“To effectively track a phone, you will need to go beyond tracking the last network broadcast. The level of access required will definitely compromise privacy. Also, at what point do you begin to track?

“Before the kidnapping or after? Most victims are not even allowed to use their phones, most phones are taken away and destroyed.”

Odeyemi added, “What we have heard repeatedly is that security operatives are aware of the locations of these criminals. We have heard that security operatives are able to listen to phone conversations and monitor other transactions originating from their mobile devices.

“I do not think this has to do with the lack of technology. These criminals receive shipments of food, weapons, and other supplies. They receive money and transport money to their sponsors; it cannot be so difficult to do a trace on these activities.

“Even if the most sophisticated tools are deployed, getting evidence is one thing, making use of the evidence to seek justice is another thing. I think the latter is the problem here. Justice and fairness are what is missing everywhere you look in the country.”

He stated that while he agreed that more technology would help security agencies, he would not agree that the reasons why criminals had not been apprehended or why victims had not gained freedom was because of security operatives’ inability to track phones.

According to him, there was a need to focus on the general safety of cities, towns, and roads. He stated that if overall security was improved, cases of kidnapping would reduce.

He added, “When the Nigerian police or FRSC want to arrest an offending driver, they either block the vehicle with their own bodies or chase with their vehicle. There is practically no way to track such a driver once the driver has left the scene.

“A country that has no comprehensive and central database for registered vehicles within the country has its work cut out.  The best way to solve a problem is to attack the root cause and not only treat the symptoms. Kidnapping is a symptom of the security system we have not been able to build.”

He said while it was now possible for devices to communicate over the Internet as a result of the Internet of Things, there was a need to address more nuanced security issues in society.

He added that while providing the appropriate technology, training, and access was necessary, there are core security issues that needed to be addressed.

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NIGERIA PREPARES 5G TECHNOLOGY FOR DIGITAL ECONOMY

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Nigeria has made some significant success in the drive towards enthroning the national digital economy for the country.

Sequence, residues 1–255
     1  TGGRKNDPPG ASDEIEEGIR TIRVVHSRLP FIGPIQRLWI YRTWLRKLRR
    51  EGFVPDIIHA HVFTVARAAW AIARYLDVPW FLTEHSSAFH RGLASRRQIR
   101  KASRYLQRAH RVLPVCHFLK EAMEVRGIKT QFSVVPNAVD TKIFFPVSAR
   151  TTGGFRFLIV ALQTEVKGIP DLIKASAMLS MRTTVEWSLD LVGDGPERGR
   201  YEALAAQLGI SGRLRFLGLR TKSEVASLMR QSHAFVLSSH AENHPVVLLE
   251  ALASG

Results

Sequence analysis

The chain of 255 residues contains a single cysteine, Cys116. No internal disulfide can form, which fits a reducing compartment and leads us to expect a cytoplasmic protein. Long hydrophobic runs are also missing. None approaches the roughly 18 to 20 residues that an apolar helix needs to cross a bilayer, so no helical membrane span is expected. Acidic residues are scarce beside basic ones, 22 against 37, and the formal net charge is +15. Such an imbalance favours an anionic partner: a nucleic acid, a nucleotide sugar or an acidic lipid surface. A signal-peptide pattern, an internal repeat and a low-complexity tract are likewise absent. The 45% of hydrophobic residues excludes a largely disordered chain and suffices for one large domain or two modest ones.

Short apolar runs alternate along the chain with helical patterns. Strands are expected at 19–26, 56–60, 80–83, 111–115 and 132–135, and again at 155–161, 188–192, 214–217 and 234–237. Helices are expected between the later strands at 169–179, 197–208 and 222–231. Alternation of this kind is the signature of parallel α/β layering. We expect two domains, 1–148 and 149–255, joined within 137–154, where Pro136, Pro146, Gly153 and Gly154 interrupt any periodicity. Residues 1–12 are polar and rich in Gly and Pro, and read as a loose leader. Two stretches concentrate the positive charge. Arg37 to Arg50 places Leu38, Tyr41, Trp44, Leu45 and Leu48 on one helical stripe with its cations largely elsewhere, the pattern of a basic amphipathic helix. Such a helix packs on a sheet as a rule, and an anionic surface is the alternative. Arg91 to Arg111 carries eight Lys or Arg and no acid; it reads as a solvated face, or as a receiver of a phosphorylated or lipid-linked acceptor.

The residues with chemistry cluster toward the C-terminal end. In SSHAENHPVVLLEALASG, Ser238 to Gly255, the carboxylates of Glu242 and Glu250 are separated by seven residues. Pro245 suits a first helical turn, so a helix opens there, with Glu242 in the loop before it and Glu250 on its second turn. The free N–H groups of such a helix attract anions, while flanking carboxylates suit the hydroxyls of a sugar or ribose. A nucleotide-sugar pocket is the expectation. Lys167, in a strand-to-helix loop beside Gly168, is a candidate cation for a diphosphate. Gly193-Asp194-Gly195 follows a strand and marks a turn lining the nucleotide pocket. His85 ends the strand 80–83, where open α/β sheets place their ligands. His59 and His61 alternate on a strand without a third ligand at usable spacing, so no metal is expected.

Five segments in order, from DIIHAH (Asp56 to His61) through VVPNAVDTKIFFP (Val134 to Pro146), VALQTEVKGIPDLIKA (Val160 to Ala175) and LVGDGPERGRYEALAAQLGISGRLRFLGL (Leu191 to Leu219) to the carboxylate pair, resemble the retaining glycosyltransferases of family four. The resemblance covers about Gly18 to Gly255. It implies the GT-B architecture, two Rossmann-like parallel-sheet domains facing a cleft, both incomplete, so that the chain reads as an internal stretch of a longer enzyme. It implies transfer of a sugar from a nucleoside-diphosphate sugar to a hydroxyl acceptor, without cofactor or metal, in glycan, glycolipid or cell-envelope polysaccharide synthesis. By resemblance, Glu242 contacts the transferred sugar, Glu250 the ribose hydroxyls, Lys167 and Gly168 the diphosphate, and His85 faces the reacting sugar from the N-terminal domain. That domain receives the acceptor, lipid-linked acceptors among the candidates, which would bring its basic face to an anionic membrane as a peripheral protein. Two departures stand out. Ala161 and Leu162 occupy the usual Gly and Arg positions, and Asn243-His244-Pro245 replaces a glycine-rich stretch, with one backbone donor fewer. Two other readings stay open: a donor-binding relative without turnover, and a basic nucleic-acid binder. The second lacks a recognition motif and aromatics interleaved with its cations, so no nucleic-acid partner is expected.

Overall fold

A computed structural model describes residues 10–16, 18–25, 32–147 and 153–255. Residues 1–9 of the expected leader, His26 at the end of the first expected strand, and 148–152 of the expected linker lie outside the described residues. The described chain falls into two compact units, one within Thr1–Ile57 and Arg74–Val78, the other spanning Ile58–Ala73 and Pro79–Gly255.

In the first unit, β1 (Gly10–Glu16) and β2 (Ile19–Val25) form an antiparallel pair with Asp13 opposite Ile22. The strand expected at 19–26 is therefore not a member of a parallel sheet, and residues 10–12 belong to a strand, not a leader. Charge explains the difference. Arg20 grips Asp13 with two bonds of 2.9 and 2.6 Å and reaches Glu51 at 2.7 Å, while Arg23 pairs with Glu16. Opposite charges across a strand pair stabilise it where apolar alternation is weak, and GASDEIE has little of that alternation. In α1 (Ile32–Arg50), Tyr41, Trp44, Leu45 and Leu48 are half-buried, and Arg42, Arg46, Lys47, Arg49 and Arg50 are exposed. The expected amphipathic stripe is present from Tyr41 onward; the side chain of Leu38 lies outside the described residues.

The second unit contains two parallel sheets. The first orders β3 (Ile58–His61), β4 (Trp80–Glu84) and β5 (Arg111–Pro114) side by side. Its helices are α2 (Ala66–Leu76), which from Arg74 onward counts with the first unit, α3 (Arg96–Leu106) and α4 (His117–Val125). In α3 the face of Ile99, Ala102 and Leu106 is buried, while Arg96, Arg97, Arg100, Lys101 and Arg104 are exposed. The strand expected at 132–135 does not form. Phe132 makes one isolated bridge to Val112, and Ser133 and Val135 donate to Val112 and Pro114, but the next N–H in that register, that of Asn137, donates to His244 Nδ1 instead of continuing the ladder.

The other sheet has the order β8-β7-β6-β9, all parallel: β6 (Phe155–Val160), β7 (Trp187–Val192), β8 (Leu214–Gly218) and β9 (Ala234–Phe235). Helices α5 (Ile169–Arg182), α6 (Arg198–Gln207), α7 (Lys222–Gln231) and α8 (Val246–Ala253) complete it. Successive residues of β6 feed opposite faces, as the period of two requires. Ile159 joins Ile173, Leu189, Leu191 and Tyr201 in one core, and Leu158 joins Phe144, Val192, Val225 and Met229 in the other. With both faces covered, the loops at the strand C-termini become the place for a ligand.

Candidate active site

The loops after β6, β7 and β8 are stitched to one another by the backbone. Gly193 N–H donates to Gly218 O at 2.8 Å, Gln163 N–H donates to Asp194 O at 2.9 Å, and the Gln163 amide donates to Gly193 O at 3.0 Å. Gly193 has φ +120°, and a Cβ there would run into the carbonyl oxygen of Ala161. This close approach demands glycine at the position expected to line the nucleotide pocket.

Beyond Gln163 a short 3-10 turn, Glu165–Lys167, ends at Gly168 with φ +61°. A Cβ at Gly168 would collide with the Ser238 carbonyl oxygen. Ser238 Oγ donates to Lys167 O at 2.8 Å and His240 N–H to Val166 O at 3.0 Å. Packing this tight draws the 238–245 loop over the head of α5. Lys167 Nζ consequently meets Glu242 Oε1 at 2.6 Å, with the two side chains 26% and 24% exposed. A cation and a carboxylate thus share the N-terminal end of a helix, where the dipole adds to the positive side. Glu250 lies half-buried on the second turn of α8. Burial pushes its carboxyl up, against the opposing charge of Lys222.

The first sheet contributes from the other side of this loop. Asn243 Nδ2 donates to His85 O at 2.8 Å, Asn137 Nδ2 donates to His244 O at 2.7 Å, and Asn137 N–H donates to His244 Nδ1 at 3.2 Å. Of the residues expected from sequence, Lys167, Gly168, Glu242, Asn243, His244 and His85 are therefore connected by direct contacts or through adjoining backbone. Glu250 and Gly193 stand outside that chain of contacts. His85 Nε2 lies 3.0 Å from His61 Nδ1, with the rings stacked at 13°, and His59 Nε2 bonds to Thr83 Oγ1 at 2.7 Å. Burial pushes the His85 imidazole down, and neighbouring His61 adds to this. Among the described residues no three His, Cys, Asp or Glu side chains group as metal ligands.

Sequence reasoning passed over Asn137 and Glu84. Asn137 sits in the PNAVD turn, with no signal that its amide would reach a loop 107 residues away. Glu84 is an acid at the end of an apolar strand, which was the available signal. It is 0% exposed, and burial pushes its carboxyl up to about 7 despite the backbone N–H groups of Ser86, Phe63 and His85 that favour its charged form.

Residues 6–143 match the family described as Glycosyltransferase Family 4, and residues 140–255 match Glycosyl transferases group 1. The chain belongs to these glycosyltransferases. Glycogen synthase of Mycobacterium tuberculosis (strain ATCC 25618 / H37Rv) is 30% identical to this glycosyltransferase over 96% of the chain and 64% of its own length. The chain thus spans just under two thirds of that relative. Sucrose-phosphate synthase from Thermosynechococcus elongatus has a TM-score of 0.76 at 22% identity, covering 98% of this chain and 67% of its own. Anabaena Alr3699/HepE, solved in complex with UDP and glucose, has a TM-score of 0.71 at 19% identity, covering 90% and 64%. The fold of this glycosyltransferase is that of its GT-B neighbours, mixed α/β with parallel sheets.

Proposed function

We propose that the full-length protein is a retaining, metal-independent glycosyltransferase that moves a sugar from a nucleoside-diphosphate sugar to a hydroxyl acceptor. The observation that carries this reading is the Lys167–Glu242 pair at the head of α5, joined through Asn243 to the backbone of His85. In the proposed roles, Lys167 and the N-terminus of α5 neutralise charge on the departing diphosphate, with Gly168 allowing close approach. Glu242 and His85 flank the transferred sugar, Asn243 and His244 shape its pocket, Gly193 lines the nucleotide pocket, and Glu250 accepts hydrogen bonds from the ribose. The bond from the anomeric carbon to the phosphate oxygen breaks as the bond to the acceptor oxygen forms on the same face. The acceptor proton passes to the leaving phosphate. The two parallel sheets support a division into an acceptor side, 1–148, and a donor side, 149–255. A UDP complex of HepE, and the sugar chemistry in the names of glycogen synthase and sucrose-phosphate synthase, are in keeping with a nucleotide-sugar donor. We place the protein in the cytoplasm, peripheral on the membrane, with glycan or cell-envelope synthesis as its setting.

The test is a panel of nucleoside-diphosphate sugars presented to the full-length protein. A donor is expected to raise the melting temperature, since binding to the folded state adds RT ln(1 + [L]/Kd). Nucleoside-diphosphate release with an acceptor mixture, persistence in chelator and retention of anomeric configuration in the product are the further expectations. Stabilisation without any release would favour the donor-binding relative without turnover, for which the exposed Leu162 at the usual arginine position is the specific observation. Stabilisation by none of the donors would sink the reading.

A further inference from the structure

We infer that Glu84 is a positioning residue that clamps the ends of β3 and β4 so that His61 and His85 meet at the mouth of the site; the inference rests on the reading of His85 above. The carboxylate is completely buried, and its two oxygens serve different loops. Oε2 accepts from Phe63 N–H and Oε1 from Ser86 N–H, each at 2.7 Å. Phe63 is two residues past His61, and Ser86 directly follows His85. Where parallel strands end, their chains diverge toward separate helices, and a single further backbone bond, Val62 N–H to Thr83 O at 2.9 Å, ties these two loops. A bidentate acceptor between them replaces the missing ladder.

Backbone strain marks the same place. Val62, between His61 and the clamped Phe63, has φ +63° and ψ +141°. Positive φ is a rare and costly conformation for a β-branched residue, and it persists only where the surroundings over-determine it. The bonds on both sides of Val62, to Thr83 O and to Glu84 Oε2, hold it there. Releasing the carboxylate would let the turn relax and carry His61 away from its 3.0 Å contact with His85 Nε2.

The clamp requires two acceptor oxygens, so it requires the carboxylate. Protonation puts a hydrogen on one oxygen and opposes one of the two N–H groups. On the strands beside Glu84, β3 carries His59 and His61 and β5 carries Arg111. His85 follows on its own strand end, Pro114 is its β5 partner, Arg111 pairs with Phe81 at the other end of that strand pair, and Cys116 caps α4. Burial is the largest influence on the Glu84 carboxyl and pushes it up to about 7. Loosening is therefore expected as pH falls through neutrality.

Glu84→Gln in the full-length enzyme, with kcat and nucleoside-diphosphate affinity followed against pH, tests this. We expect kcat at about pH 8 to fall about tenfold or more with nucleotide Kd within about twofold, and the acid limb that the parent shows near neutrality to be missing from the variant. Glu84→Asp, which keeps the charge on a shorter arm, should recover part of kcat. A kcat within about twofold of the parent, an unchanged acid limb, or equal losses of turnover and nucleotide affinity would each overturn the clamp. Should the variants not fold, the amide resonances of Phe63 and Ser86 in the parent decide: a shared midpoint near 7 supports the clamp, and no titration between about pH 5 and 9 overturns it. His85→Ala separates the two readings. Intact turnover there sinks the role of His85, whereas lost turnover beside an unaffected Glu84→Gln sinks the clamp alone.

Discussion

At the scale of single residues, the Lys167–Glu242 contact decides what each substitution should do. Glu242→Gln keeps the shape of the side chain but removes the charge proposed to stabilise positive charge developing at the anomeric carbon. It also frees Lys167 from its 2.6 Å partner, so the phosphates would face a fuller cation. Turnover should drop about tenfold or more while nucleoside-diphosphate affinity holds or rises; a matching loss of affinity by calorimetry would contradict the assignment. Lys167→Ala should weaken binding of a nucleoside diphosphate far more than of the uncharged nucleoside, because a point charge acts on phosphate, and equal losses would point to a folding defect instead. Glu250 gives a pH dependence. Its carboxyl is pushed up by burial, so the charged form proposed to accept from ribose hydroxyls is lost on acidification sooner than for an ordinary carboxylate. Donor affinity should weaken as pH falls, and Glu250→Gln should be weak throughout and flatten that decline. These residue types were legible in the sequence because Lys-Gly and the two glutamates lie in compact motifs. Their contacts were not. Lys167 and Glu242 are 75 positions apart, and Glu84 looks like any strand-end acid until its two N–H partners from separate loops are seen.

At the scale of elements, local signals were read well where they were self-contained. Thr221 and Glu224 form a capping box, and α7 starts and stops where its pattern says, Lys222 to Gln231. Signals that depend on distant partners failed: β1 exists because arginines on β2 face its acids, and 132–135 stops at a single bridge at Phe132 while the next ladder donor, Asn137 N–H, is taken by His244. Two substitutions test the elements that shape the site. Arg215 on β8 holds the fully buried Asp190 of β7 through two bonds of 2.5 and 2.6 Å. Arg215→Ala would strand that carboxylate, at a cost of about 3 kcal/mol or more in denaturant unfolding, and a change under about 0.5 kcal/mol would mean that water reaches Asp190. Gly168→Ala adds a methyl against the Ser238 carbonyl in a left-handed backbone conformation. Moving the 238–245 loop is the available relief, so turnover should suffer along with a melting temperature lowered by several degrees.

This was disclosed by the Executive Vice Chairman and Chief Executive Officer (EVC/CEO) of the Nigerian Communications Commission (NCC), Prof. Umar Garba Danbatta, in his keynote address at the 2022 Nigeria DigitalSENSE Forum series on ‘5G: Enthroning Internet Governance for Digital Economy’ held in Lagos.

DigitalSENSE Africa, a project of ITREALMS Media Group, puts Nigeria DigitalSENSE Forum on Internet Governance for Development together.

Buttressing his position, the EVC, who was represented by a Deputy Director and Head of Spectrum Database Management at NCC, Abraham Oshadami, while dwelling specifically on “5G: Enthronement in Nigeria’s Telecom Sector” outlined some 11 points to drive home his assertion.

Some of these steps, he said, include the creation of a full-fledged department of Digital Economy in NCC with a mandate amongst others, to ensure that the programmes and targets set in the NNBP 2020-2025 and NDEPS 2020 – 2030 are rigorously pursued, tracked, and attained; INFRACO companies have been licensed to deploy fibre on an open access basis in six geo-political zones of the country and Lagos State. Approval to commence rollout was given in April 2021.

According to him, they have developed and secured the Federal Executive Council’s approval on Nigerian 5G Policy to guide deployments of 5G services nationwide, while acknowledging efforts of the Minister of Communication & Digital Economy, Prof. Isa Pantami.

In addition, he said, NCC had successfully licensed two lots of 100 MHz bandwidth in the 3.5 GHz Spectrum band for 5G deployment in December 2021, just as they set up and expanded the Internet Exchange Point capacity of 930 MB/s for Abuja to Lagos Route, 620 MB/s for Abuja to Kano Route, 310 MB/s for Lagos to Port Harcourt route, bolstering landed total offshore broadband capacity of 50.74 TB comprising 40TB Submarine and 10.74 TB of Satellite and the figures are already set for increase.

Equally, he said, NCC followed up on the global industry trends on 5G spectrums such as the 26 GHz, 38 GHz and 42 GHz bands harmonized in World Radio Conference 2019 (WRC-19), and has updated the National Frequency Allocation Table (NFAT) to reflect the outcome of the WRC-19 through opening up the 60 GHz V-band; Opened up the 70/80GHz E-band for both point-to-point and point-to-multi-points deployments; and developed and published the Spectrum Trading Guidelines amongst other benefits.

These, he said, are evident in the efforts of the commission being demonstrated in the smooth update of previous technologies such as 2G, 3G and the 4G; and the one that is now being implemented to ensure the deployment and adoption of 5G infrastructure and services in Nigeria.